There's also several little interlude pieces that run from 1-2 minutes - `Undermurmur' is a breakdown of infernal tinkling piano, pumping horns and runaway synth ripples, the brief but snarling `Ten Years After' comes the closest to a heavy metal blast, `Studio #9' is loopy and psychedelic jazzy playfulness, sure enough `Drum N' Stick' is a Chapman stick and drum musing over droning soundscapes, and `A House' is a fragile reflective acoustic ballad to close the disc in a gently melancholic manner.

Yet for all the musical multiple-personalities leaping about, it's the pieces that are more focused and slowly build a careful atmosphere that deliver some of the most striking moments, such as `As It Was', a pristine piano and plaintive vocal reflection with a searing Mellotron rise. But perhaps best of all is the sumptuous title track, grand and deeply emotional with Post Rock echoes, a melancholic instrumental of tense acoustic chiming and reaching early Pink Floyd weeping guitar strains over haunting piano and subtle percussion that grows and falls back and forth with restrained power.

The musically discordant, impeccably-performed experimentation of `Death by Water' will ensure it's another divisive release as always for Yugen. If your preferred idea of Italian progressive music only extends to the melodic RPI groups that perform in a theatrical and symphonic manner such as Le Orme, Banco del Mutuo Soccorso and P.F.M, then it might be wise to avoid this disc. But if your brain is wired in a way that responds to the challenging, genre-shattering music of groups from that country like Area, Stormy Six and the works of Claudio Milano, `Death by Water' is waiting to destroy and test your understanding of the term `progressive music', and it's an essential purchase for the R.I.O/Avant crowd and lovers of demanding and ambitious music.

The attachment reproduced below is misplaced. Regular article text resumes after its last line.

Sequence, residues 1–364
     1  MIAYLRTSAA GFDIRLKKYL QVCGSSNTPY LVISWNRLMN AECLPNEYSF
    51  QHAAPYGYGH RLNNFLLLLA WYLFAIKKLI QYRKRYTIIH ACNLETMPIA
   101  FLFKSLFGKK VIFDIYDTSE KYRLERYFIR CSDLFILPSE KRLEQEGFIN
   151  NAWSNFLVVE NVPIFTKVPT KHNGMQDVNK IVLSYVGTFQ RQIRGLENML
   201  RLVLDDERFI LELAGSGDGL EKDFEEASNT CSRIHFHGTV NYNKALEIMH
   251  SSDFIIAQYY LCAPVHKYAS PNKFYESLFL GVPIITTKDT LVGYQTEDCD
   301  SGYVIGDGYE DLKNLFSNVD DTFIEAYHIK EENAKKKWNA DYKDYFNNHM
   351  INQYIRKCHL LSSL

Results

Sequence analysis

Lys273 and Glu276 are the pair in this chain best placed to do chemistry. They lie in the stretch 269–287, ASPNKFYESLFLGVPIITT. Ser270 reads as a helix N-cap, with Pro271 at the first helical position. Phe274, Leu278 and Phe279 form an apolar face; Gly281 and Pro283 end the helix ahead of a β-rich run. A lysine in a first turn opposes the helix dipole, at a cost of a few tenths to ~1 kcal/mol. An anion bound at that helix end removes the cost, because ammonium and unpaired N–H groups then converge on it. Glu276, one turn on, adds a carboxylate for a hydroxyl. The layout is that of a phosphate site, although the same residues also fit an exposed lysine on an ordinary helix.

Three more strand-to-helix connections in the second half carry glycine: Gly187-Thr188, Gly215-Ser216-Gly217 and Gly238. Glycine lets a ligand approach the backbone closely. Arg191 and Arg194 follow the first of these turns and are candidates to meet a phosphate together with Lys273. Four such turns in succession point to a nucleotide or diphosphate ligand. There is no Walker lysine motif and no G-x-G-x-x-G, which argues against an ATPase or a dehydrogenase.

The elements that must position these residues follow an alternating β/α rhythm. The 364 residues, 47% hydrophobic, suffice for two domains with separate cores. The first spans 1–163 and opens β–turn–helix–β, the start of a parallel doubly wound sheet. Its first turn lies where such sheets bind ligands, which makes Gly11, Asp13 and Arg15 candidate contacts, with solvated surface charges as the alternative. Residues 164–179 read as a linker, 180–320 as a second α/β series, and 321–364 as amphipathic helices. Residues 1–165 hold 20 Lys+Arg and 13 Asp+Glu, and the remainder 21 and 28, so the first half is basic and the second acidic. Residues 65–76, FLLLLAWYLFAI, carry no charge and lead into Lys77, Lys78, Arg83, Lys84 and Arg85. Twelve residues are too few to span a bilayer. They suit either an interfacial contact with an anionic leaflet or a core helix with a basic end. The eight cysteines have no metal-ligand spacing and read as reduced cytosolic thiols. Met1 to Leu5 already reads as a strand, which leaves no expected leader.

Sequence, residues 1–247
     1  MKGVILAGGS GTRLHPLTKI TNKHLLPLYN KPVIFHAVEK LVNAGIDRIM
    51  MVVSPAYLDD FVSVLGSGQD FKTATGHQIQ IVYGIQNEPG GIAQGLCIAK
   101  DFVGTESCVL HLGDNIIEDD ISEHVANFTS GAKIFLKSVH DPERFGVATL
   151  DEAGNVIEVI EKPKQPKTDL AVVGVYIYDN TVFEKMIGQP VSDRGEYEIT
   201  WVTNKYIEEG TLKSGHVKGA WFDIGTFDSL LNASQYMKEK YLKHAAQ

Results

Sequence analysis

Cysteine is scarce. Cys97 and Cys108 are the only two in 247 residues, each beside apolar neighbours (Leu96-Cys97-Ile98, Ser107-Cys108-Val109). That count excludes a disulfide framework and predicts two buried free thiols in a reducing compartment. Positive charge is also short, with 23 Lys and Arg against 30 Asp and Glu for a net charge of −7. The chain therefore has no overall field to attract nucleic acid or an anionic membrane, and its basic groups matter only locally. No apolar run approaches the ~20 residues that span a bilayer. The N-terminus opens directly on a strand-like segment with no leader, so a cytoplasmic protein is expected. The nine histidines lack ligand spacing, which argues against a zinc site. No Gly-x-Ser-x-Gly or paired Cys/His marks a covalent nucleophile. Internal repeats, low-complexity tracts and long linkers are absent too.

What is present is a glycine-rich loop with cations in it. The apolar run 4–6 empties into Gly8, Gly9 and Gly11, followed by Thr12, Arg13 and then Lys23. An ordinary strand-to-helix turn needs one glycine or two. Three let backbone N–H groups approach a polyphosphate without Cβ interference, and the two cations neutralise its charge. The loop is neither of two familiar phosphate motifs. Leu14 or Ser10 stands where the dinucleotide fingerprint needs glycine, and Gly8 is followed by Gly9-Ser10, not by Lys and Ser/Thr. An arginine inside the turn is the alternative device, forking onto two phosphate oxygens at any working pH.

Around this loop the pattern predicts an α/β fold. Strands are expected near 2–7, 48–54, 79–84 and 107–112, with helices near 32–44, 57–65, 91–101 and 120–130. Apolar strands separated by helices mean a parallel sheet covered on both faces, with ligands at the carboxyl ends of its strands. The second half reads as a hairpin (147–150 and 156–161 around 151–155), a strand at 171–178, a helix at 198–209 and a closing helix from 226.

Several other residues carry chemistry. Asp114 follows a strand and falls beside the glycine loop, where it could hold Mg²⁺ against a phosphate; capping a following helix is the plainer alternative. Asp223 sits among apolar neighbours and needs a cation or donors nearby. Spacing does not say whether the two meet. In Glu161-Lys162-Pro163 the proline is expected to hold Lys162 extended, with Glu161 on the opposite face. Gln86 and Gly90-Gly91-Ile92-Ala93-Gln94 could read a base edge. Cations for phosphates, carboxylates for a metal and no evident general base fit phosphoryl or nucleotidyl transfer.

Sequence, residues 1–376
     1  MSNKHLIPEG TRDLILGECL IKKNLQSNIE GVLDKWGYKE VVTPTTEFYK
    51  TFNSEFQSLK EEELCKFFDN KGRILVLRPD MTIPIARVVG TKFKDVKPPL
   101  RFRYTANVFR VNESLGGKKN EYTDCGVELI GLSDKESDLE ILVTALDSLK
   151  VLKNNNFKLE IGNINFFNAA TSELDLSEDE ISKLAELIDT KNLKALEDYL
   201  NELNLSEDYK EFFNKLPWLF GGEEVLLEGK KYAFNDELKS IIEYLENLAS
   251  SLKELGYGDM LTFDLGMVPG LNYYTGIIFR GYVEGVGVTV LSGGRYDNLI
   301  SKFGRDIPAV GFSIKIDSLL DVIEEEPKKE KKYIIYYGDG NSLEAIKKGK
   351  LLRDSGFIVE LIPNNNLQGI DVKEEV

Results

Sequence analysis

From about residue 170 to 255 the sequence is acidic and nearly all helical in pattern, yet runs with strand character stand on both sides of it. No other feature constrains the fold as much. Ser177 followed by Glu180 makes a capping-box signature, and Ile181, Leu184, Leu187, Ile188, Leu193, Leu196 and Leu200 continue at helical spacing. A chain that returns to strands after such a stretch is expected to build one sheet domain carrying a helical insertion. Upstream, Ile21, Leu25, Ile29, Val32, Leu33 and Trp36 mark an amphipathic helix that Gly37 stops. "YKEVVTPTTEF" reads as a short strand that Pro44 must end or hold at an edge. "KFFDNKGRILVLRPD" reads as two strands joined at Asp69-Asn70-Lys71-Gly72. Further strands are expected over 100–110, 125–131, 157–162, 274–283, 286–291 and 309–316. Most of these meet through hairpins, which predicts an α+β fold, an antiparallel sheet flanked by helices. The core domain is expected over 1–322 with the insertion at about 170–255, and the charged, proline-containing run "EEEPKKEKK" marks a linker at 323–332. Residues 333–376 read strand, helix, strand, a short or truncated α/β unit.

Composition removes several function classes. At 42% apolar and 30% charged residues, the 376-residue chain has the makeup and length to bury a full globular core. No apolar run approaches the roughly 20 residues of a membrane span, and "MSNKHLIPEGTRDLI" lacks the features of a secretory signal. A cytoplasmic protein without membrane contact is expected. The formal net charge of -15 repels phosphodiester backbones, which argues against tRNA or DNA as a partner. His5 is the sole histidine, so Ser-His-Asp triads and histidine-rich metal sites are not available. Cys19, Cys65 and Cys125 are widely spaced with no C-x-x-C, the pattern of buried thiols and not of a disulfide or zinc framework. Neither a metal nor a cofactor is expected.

Four stars.

Report this review (#1669807)
Posted Monday, December 19, 2016 | Review Permalink
4 stars Magnificent! There, I wrote It. That's the only word that capture what is hidden inside one of the best recordings in 2016, and boy, this was a good year for prog. Whenever i hear RIO/Avant Prog I run because most of the time the music is just plain boring and repetitive but, here is just plain beautiful and original rich in sounds, textures and colour and the vocals are one of the fine points here. There is no filler material here, every single one of the songs just feel necessary so if I have to choose a favorite one It would be hard but, if You must know I find the haunting "Der Schnee" a masterpiece. One of the must to purchase this year.
Report this review (#1670295)
Posted Wednesday, December 21, 2016 | Review Permalink
siLLy puPPy
PSIKE, JRF/Canterbury, P Metal, Eclectic
4 stars After a six year long wait the avant-prog collective YUGEN led by the professor of complexity Francesco Zago, at long last release their anticipated followup to "Iridule" with all those avant-prog gymnastics that have become expected of them. Despite having formed all the way back in 2004 in Milan, Italy, they have been quite conservative and are now only on their fourth album. DEATH BY WATER does an excellent job at not only delivering all that complex progressive rock meets chamber rock yumminess but cements their position as one of the most celebrated outfits in the esoteric realms of what has become known as brutal prog, which is the type of progressive rock that is absolutely unapologetic and relentless in its pursuit to create the most convoluted and bizarre roads to the promised land. If Occam's razor is the principle of reaching a goal by the paths of least resistance, then YUGEN has stubbornly taken the road that bifurcates and twists and turns through unforeseen complications only to arrive at the same conclusion, but a more interesting journey indeed. While this sort of avant-prog can test even the most hardcore prog rock lovers, YUGEN is one of those rare acts that has found the perfect way to balance their intense and demanding musical visions with an underlying swing and avant-groove that keeps the whole thing from collapsing. Therefore this is not complexity for complexity's sake but rather controlled chaos with tension so thick that you could suffocate an entire urban center.